They're dying off in droves and it's apparently our fault, but new research suggests we can slow the decline in population of pollinators - and an expert says there's no imminent threat anyway.
Bees, butterflies and birds all carry pollen that makes them vital to our survival, and their populations are starting to falter. But now a group of researchers have offered up some solutions they hope will stop that number of pollinators falling further.
Pollination scientist David Pattemore says while the loss of pollinators is a serious and pressing matter, it'll be a while before the human race is wiped out as a result of their decline.
"It's safe to say we're not going to starve - we've got crops like rice and wheat, staples in our diet that are wind pollenated and not pollenated by animals at all," he told the Paul Henry programme on Tuesday.
"But a lot of the nutritious, yummy foods - the chocolates, the fruit - those things are more reliant on pollinators, and it's interesting that this new study is showing that there's been an increased reliance on these animal pollinated plants in the last 50 years."
However the research has offered up three ways of battling the decline - with ecological intensification, building habitats that consider the needs of pollinators, and more diverse crop farms all believed to slow the decrease in population size.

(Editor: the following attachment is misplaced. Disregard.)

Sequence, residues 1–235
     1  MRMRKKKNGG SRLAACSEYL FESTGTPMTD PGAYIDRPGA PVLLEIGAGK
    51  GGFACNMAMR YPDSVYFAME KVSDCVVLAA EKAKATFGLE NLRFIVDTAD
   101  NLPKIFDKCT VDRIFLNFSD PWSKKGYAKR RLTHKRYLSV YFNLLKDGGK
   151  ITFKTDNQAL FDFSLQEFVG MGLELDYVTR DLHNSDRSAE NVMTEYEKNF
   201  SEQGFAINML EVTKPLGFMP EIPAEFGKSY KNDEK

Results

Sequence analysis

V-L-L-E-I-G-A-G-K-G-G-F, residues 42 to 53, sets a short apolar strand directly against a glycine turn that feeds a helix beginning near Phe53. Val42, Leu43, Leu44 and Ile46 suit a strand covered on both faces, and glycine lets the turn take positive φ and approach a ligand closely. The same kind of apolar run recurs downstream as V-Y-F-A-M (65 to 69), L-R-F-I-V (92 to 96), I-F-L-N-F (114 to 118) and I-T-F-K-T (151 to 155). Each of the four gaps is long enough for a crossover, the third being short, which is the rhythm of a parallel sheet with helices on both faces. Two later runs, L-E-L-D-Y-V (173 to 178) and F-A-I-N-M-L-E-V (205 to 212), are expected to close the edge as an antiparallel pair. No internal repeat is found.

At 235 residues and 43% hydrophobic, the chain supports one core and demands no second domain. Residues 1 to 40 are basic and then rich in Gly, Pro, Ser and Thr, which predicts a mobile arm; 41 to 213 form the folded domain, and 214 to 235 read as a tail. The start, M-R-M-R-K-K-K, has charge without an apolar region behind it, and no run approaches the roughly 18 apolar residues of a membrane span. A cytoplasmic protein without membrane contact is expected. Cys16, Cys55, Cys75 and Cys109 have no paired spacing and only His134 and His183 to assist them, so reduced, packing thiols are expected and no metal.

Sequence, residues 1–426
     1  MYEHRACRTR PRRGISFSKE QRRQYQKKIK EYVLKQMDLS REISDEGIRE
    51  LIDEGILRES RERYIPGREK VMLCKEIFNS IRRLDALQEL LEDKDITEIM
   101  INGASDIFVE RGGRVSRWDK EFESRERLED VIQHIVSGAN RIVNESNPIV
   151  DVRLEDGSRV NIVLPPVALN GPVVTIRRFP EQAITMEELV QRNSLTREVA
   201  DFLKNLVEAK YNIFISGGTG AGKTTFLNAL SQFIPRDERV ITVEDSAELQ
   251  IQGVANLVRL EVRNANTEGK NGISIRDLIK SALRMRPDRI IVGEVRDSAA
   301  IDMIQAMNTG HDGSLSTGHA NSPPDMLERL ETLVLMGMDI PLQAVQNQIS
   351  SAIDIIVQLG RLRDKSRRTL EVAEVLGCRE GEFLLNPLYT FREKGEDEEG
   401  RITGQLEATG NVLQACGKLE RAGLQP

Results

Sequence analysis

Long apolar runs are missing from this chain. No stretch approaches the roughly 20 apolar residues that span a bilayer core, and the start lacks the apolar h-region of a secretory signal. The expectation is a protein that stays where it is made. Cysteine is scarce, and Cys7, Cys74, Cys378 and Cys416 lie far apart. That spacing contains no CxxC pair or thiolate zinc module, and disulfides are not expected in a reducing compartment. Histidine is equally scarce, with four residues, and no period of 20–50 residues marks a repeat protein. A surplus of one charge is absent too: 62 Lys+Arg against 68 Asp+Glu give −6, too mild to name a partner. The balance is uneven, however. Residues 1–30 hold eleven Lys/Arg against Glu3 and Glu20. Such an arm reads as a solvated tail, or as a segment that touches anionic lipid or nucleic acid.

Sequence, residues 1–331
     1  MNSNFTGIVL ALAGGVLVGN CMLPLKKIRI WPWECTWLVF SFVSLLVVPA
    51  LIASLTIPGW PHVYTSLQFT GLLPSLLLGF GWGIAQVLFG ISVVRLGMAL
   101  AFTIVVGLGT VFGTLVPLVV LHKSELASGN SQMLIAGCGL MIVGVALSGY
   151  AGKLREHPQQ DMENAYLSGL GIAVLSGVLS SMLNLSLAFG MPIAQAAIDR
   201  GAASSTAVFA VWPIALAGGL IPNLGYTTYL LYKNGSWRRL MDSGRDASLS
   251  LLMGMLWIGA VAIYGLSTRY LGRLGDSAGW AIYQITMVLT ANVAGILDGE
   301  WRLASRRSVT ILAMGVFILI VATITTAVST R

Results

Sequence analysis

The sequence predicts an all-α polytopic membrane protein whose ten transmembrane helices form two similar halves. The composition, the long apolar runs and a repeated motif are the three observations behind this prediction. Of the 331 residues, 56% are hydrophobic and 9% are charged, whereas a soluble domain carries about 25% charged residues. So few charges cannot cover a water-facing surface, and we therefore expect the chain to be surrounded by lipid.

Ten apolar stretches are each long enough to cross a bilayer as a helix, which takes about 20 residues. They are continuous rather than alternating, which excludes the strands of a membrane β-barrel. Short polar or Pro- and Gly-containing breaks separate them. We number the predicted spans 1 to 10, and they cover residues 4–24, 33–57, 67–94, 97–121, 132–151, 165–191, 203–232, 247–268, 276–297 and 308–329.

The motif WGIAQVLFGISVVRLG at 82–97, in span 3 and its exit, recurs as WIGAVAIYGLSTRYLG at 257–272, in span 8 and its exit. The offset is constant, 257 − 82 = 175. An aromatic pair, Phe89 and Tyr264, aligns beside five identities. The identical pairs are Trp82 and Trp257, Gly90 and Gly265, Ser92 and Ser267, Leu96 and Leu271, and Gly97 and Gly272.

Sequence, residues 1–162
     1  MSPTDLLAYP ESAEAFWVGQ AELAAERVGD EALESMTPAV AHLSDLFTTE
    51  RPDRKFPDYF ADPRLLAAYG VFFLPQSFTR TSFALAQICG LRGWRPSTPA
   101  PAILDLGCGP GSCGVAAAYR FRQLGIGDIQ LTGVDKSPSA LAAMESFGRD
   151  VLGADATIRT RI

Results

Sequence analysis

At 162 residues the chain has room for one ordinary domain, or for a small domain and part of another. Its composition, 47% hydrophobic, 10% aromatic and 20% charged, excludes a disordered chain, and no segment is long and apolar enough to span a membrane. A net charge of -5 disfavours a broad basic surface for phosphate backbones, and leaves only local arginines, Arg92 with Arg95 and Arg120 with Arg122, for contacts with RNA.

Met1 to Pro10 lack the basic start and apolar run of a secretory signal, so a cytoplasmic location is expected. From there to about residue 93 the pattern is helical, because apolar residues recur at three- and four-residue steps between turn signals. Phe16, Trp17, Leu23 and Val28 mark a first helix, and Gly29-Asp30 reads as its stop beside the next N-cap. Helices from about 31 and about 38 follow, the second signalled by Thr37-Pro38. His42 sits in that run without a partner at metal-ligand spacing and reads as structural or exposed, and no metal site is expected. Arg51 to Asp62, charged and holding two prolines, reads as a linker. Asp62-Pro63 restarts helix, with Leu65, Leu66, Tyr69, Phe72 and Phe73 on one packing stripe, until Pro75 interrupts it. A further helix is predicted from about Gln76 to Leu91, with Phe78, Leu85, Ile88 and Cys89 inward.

He says there are several factors that have contributed to the sharp decline in the number of pollinators.
"Some of the key things are things like land use intensification - so we clear large areas of land to turn it into agricultural land, and those pollinators lose their nesting habitat or their feeding habitat."
He says pesticides have also had a negative impact on pollinator populations when they haven't been used well, along with invasive species and diseases.
Dr Pattemore said the issue at hand has less to do with the overall population size of pollinators than people think, and more to do with areas where they are absent.
"There are a lot of species that are reducing their range - they're not everywhere that we need them to be for pollination," he said.
"So while pollinators are in decline, they're in decline locally as opposed to globally."
Dr Pattemore says people usually think of the European honey bee when they imagine dwindling pollinator populations - but in reality there are about 20,000 species that pollenate our plants, including some we wouldn't even consider.
"We've found here in New Zealand and Australia that flies are really important pollinators, and we also have bats, lizards, a whole lot of animals who visit flowers for nectar," he said.